Thursday, December 11, 2014

In Review: 2014 in the Gethsemane Prayer Garden

As has been done in previous years, this is a review of 2014 for the Gethsemane Prayer Garden. From my perspective on a wintery morning in December, this is also my last review.

"The flowers danced
To the beat of the wind,
Sometimes gently,
But no one knew.

The woodland birds sang
As the woodpecker knocked,
And the Canada geese glided,
But no one knew.

The sun moved slowly
Replacing the morning dew,
And the rainbows called,
But no one knew.

The Lord waited patiently
Hoping to see,
A woman praying,
Or a man on his knee.

Then one came to visit,
She heard it was nice,
But she did not stay,
Something not quite right.

A chipmunk scampered
About here to there,
No one to bother it,
No one seemed to care.

The gardener stopped by,
To tend to the plants,
Admiring something new,
God's creation at best.

The peace of the garden,
As few only would know,
Would be seen with the cross,
Yet our Lord does know.

Goodbye to my friend,
To a special place,
Where you my Jesus,
Met my heart and we danced.

I toiled and toiled,
For what, I do not know,
Except the hope that more
Would stop by to pray."
Thomas B. Clarke, December 11, 2014

There have been some people that have used this garden for prayer, but they have been few in number. Despite the size and the beauty of this garden, it is hardly known and seldom used.

In September of this year, my wife and I decided to start looking at other churches. We now feel comfortable at a new church plant in Auburn. Therefore, 2014 is the last year I (Tom Clarke) will be maintaining the Gethsemane Prayer Garden. I am now retired from this prayer garden.

For several years, I had been asking for water and electricity to be extended from the building to the prayer garden. Praise God, this was accomplished prior to our decision to leave – I did not want the next generation of caretakers to have to lug those heavy hoses across the parking lot. The conduit for electricity into the garden has also been installed – if money becomes available for lighting, then the conduit is in place.

What will happen to this garden? Good question and one that I don't have an answer to. The church has decided to use a volunteer staff to maintain the garden under the direction of one key volunteer individual.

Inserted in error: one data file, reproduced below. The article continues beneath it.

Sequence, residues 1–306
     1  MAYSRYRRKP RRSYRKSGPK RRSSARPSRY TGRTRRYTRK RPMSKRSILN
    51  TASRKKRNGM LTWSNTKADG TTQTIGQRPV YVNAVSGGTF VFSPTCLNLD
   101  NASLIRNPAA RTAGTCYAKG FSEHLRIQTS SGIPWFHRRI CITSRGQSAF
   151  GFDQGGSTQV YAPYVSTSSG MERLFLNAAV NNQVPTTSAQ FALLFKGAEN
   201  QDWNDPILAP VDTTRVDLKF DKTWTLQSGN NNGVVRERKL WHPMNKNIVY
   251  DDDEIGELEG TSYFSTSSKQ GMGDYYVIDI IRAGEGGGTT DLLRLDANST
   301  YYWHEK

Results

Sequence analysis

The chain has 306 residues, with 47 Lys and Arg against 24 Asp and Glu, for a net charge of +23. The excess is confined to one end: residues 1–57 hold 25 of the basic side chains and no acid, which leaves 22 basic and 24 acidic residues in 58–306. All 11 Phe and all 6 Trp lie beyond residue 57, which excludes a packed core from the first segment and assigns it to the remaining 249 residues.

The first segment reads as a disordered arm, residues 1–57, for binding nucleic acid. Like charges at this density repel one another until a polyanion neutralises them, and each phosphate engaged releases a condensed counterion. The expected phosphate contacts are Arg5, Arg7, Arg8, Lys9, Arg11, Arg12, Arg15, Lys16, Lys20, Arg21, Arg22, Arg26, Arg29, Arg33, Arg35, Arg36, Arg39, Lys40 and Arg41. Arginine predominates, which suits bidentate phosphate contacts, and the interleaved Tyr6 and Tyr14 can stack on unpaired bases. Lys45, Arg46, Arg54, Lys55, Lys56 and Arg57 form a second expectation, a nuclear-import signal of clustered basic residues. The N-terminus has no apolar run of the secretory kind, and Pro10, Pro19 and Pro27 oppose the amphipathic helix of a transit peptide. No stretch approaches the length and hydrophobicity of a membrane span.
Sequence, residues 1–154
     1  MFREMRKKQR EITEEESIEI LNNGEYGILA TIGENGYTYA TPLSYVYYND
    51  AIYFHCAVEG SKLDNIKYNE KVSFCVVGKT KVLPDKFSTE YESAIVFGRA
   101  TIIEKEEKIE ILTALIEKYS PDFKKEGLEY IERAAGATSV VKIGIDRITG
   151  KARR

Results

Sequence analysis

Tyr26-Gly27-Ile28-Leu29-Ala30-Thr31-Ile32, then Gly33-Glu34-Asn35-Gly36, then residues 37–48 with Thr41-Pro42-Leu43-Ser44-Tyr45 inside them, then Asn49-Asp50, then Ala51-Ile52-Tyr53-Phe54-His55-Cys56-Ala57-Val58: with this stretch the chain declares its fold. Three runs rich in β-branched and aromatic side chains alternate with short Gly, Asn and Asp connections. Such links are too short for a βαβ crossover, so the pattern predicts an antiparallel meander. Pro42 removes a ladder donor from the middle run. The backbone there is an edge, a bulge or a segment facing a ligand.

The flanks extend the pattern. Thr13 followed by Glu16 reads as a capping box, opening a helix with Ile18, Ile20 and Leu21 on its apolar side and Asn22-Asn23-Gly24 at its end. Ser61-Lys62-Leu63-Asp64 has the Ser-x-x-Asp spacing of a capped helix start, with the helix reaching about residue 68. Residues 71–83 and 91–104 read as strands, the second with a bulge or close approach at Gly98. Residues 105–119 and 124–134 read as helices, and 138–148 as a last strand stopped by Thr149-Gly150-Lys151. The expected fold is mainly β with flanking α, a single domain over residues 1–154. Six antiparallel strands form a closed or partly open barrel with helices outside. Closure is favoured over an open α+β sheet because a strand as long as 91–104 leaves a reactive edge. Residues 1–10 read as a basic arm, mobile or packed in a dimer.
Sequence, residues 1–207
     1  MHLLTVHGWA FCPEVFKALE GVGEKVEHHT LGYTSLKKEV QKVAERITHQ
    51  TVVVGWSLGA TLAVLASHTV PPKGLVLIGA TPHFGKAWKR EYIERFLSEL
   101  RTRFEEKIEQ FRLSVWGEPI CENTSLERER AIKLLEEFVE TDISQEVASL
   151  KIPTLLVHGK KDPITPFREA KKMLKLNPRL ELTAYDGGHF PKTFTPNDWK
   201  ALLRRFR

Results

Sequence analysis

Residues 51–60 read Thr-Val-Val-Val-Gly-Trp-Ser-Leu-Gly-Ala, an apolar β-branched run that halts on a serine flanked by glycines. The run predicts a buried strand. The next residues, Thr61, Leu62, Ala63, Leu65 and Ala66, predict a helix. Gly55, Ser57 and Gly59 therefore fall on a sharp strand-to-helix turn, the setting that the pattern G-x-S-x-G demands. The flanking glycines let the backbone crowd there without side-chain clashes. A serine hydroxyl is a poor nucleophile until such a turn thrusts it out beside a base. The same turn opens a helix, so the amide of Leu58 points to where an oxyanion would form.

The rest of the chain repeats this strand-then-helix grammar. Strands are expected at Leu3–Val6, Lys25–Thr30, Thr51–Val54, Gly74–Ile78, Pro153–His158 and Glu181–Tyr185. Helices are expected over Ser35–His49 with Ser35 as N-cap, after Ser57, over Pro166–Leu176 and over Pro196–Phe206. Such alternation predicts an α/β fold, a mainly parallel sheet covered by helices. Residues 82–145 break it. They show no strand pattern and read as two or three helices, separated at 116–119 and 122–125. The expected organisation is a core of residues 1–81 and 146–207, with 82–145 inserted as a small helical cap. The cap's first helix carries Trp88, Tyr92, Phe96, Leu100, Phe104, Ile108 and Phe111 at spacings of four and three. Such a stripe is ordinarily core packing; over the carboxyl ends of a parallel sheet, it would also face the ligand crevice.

The effort to maintain this one-acre garden is fairly labor intensive. So how does a group of volunteers maintain this garden's tranquility? My recommendation is to plant large amounts of ground cover, possibly myrtle, in the mulch beds. If planted bare root in April, these ground covers typically take 3-4 years to become fully established. The advantage is that the mulch would not need to be refreshed every two years, weeding would be dramatically reduced, flower maintenance would be restricted to those few flowers that remain, and the tranquility of the garden would largely remain.

Some have asked what will happen to the flowers, shrubs and trees that have been dedicated to others. Again, that is up to Faith Chapel. I know, for there is a large tree in memory of my dad, a shrub as a prayer reminder for my older daughter, and seven flowers as a prayer reminder for my other daughter. There also is:
  • a tree dedicated to the church's founding pastor,
  • another tree in remembrance of one of the elders,
  • a third tree to remember the husband and son of a distinguished church member, and
  • a pair of trees to remember a set of twins that passed shortly after they were born.
In addition,
  • a flower bed was prepared in memory of a son,
  • the rose bed was inspired by the passing of a man's wife,
  • a rose planted for a deceased mother,
  • some benches purchased to honor loved ones, and
  • the metal trellis to show respect to a man's mother.
The stone altar, as has been previously published, was placed there by many church members as a remembrance of what the Lord did in helping build the initial church building.

Through this garden, God has revealed a deeper understanding of love to me. That is my most important memory, and it is documented in my book A Garden of Love. As a Christian author, I now will have much more time to write and I am encouraged by the thought of doing so. My hope is to devote the time spent in this garden to writing/publishing.

More importantly than my writing is the increasing care that I am giving to my wife. Nancy's legs are weak and she is having a difficult time standing. She can still drive but she has limited strength and stamina. I no longer can spend long hours in that garden. I would appreciate your prayers for her health.

Thank you, Faith Chapel, for allowing me to develop and maintain this prayer garden. It was truly an honor that you would allow me to express this hope and peace for all to enjoy.

Wednesday, October 22, 2014

Becky Lynn Daylily: A Sequel

Yes, God does answer our prayers. On July 21, 2013, I posted a blog article entitled Becky Lynn Daylily: A Picture of God's Restorative Process. I wrote: